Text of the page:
Research News REDUCING RISK OF COLORECTAL CANCER
The risk of colon cancer in colitis patients is decreased significantly when patients are treated with immune modulators, according to a large, carefully controlled University of Chicago Medicine study. Researchers led by David T. Rubin, MD, co-director of the Inflammatory Bowel Disease Center, confirmed the link between the severity and duration of inflammation and increased colorectal cancer risk. Researchers also found a higher risk for cancer in male colitis patients. Adjusting for other factors, use of anti-inflammatories, such as mesalamine, decreased risk of colorectal cancer by an estimated 37 percent.
“We need to shift the focus from episodic control of symptoms to sustained control of inflammation,” Rubin said. The study results were published online in Clinical Gastroenterology and Hepatology.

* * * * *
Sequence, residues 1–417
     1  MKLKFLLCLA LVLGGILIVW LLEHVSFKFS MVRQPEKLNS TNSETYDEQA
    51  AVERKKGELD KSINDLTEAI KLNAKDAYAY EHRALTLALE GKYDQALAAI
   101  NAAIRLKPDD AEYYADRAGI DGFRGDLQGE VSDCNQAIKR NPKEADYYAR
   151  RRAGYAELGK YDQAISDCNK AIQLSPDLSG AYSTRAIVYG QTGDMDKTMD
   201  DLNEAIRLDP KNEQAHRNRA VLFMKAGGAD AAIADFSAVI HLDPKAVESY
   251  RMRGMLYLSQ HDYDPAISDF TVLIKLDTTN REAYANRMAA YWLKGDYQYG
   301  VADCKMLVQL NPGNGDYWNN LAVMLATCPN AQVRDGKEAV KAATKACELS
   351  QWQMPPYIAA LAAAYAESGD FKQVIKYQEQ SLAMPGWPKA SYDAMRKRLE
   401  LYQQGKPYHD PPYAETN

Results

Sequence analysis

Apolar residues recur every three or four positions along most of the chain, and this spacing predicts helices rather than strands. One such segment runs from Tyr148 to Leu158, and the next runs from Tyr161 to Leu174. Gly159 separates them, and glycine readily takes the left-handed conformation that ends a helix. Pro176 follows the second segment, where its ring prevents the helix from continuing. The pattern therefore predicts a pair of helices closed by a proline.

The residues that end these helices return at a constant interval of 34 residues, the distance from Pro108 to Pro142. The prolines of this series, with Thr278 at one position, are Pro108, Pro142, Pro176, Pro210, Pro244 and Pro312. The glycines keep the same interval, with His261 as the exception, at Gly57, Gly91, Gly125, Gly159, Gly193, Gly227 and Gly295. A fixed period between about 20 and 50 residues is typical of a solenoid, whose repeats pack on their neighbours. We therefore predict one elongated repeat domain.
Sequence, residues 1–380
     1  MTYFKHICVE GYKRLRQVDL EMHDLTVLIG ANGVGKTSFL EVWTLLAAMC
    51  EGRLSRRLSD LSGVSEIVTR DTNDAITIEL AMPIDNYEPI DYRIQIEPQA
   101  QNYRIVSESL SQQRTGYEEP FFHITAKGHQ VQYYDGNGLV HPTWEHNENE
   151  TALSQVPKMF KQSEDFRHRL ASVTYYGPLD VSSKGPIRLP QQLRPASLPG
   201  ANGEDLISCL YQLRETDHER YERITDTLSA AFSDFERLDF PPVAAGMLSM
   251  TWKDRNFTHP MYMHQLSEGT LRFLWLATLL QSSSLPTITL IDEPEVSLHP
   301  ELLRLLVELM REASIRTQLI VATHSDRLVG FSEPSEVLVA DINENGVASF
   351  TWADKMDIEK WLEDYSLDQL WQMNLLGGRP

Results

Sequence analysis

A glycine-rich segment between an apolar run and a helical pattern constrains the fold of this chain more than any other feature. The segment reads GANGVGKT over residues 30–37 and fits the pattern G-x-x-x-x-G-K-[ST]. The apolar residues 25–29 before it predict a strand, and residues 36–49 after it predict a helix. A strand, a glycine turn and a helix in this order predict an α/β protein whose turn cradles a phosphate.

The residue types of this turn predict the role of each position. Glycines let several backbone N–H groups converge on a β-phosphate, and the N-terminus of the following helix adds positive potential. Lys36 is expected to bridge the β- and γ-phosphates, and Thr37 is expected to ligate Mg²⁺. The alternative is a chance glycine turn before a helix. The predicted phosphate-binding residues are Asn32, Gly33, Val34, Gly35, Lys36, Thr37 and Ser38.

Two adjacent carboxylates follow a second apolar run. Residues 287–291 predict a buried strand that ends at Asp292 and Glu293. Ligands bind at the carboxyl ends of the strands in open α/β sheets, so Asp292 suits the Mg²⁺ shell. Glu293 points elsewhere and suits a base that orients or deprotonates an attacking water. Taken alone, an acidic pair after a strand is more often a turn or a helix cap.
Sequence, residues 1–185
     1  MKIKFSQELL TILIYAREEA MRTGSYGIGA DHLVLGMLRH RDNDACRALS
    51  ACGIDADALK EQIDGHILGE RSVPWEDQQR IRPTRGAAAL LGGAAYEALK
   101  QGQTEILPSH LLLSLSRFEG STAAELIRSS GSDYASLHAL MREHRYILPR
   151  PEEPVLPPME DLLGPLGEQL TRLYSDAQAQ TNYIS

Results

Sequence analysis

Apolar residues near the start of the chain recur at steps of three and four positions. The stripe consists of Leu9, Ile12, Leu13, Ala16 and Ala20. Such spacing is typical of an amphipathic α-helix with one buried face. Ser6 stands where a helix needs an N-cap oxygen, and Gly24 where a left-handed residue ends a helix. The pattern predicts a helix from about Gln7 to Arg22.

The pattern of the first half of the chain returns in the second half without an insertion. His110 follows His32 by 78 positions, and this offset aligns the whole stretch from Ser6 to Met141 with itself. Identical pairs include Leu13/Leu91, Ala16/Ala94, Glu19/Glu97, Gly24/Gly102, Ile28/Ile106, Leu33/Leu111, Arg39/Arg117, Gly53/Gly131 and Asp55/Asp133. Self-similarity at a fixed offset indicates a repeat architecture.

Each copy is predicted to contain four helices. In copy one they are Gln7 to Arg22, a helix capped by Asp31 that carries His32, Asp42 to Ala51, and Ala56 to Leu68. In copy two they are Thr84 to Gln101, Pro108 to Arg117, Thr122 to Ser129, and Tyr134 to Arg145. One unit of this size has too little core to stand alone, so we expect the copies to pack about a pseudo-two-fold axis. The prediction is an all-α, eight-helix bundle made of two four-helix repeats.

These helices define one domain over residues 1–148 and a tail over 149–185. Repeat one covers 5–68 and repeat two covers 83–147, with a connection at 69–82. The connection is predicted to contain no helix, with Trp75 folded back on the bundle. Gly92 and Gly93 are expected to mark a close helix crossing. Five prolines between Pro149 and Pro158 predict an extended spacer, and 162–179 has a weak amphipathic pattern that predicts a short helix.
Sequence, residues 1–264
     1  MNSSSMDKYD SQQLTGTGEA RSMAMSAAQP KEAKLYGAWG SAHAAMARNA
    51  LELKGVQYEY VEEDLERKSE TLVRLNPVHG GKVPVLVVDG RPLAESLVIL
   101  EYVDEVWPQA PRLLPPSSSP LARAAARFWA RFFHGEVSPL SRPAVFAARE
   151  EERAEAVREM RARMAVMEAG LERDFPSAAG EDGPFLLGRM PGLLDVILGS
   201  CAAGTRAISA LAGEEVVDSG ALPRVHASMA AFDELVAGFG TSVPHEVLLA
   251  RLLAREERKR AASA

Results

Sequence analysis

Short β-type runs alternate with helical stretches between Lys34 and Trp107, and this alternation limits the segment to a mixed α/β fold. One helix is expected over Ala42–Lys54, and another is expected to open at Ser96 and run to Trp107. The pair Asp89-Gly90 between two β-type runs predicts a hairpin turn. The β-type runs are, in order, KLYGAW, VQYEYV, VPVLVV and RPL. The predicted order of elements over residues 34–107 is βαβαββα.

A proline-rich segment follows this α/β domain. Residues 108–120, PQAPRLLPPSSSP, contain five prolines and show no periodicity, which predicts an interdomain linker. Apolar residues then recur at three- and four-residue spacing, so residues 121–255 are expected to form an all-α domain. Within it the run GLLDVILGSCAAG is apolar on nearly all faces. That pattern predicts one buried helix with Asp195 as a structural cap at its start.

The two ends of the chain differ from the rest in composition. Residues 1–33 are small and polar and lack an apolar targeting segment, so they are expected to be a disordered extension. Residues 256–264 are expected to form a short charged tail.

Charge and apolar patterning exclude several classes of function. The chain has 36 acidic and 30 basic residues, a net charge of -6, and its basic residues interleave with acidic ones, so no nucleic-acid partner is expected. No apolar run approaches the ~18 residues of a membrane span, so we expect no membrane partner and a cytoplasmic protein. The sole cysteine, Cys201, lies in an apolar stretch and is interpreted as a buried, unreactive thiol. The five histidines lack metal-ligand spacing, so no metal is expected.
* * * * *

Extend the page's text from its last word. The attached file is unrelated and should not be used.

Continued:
READ MORE AT ScienceLife.uchospitals.edu @ScienceLife
WEIGHING THE WHIPPLE DECISION
Hoping to help patients and physicians make difficult decisions, a team of University of Chicago Medicine physicians studied assessment tools to see which might anticipate postsurgical complications for pancreatic cancer patients. Such foreknowledge could help set appropriate expectations and accommodations for recovery. Older adult patients who agreed with at least one of two statements about the previous week — “I felt that everything I did was an effort” or “I could not get going” — were three to four times more likely to suffer a serious complication post–Whipple procedure, end up in the ICU, and have a longer hospital stay. Researchers, led by William Dale, MD, PhD, chief of geriatrics and palliative medicine, and Kevin Roggin, MD, oncologic surgeon, published their results in the Annals of Surgery.
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STAPH’S WORKINGS BROUGHT TO LIGHT